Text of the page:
Four Chevrons Mystery

Discussion in 'General' started by blackdubh, Aug 7, 2017.

  1. blackdubh

    blackdubh Junior Member

    Hello All,

    Looking through my late Father's papers today, I noticed that in his Pay Book it is recorded that on D Day he was:-

    "Authorised to put up 4 chevrons".

    I'm at a complete loss as to what on earth this means!

    I know he was part of a Beach Group - probably No. 7 - who landed on Juno beach.

    Cannot find anything about 4 chevrons - can anyone suggest an explanation?

    Thanks in advance and hopeful anticipation!
     
  2. dbf

    dbf Moderatrix MOD

    Last edited: Apr 10, 2019
  3. Charley Fortnum

    Charley Fortnum Dreaming of Red Eagles

    Service Chevrons or Wound Stripes would be my guess. Had he served overseas for four years?
     
  4. Alex1975uk

    Alex1975uk Well-Known Member

    Service stripes as mentioned. I've got a pic of my grandad and a pal with them on ( will post later)
    Alex.
     
  5. Mr Jinks

    Mr Jinks Bit of a Cad

    I saw these for sale online but I couldn`t tell you when they were introduced or which other units (apart from Guards) wore them ? (and when they were intoduced?)

    Drum Major's Rank Chevrons (4 Stripes) (Guards) Large - Khaki Embroidered £8.00
    [​IMG]

    Kyle
     
  6. James Harvey

    James Harvey Senior Member

    War service chevron, 1 for each year of the war, like what they had in ww1
     
  7. General Knowledge

    General Knowledge Active Member

    Sorry to jump in here, nothing to do with what you asked, but you mentioned Juno Beach, have you seen the Bernieres station sign in The Wardrobe signed by a lot of the soldiers that were there on the day?
     
    blackdubh likes this.
  8. HAARA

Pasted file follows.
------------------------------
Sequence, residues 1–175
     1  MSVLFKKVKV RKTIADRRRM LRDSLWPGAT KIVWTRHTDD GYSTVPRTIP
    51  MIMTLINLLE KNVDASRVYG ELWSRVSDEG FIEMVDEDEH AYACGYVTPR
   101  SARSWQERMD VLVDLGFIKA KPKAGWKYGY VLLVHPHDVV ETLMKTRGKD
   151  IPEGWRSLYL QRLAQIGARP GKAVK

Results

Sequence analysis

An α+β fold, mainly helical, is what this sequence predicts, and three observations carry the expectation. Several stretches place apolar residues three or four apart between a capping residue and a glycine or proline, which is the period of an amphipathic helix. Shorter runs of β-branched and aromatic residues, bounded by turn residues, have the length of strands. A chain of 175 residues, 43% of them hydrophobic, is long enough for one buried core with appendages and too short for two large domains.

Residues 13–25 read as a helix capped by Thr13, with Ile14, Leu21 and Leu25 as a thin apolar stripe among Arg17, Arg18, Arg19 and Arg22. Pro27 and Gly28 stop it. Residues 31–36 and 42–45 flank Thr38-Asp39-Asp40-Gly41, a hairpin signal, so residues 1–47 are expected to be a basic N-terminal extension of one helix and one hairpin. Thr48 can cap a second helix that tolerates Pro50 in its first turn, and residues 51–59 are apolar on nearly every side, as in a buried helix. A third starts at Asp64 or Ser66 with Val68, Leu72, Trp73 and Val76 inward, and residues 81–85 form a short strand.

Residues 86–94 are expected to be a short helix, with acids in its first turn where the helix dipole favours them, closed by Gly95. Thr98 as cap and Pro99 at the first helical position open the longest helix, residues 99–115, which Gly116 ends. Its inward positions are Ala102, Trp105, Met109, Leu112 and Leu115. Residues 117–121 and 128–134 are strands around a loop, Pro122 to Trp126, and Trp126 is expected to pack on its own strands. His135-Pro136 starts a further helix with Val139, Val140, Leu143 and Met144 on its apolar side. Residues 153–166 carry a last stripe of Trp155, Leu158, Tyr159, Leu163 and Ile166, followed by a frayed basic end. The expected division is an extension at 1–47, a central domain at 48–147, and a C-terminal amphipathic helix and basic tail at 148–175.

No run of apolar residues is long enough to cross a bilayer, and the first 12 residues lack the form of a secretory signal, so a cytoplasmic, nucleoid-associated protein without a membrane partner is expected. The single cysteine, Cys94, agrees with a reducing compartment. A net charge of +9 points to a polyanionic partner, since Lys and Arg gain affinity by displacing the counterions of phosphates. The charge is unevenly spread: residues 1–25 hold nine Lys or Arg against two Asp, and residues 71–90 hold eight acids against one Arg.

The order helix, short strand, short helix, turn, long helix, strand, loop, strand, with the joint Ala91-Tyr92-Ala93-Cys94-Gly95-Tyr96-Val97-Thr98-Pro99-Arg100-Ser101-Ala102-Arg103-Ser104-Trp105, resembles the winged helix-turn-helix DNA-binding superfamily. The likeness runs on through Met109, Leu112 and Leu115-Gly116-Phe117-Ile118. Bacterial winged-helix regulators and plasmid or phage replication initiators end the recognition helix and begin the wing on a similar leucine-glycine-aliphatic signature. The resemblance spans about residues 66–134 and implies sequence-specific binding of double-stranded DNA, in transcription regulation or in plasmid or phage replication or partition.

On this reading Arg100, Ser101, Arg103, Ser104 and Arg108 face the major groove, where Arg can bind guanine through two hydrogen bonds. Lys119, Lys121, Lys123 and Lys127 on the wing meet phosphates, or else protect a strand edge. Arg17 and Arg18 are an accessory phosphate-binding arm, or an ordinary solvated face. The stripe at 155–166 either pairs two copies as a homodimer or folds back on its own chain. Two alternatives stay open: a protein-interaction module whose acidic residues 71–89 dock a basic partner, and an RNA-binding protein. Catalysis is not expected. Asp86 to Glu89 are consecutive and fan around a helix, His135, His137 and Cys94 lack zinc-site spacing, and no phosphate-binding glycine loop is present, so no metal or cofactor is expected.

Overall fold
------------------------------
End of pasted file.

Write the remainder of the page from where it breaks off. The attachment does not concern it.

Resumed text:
HAARA Well-Known Member

    It would seem these are service chevrons, as indicated in a letter from a BSM in 76th HAA, dated 1945, who joined the TA in 1938 and therefore saw service through five years of war :
    " ........ you may be interested to hear we now wear service chevrons. Have you seen them at home? I do feel a one with my five red stripes below my crown. As a matter of fact I had to shift it up a bit. The red makes a show!"
     
  9. James Harvey

    James Harvey Senior Member

    The chevrons shown above are upside down and should be worn as sgts strips

    They also wear extra large white ones on ceremonial duties (trooping the colour)

    Yes war chevrons are red, And we're also awarded for home service, in fact organisations that awarded them qualified for the defence medal for home service only (arp, home guard, St. John, wvs etc)
     
  10. Mr Jinks

    Mr Jinks Bit of a Cad

    No they are not upside down ?? That`s the way they are worn in the British army chart below;-
    [​IMG]

    The stripes are not unique to the guards if anyone `Googles` `Drum Majors Rank` there`s various regimental versions shown (usually band associated)

    Kyle
     
  11. James Harvey

    James Harvey Senior Member

    I stand corrected
     
  12. blackdubh

    blackdubh Junior Member

    Thanks to all for their input. The service stripes seem to be the key, and when I looked again, and saw that he enlisted on 6th June 1940, the penny dropped!

    Well done, lads - mystery solved I think.
     
  13. Gloster Cloth

    Gloster Cloth New Member

    War Service Chevrons (printed in red on khaki) were reintroduced in February 1944 (AO19) along with Wound Stripes. Chevrons were inverted and worn on the lower right forearm. The Wound Stripes were of gold braid and were worn on the lower left forearm, vertical to the cuff. Personnel who had been wounded in previous wars were permitted to wear a red rayon braid of identical dimensions. If one or more were worn, additional stripes were placed at intervals of 1/2 inch. Hope that helps?
     

Share This Page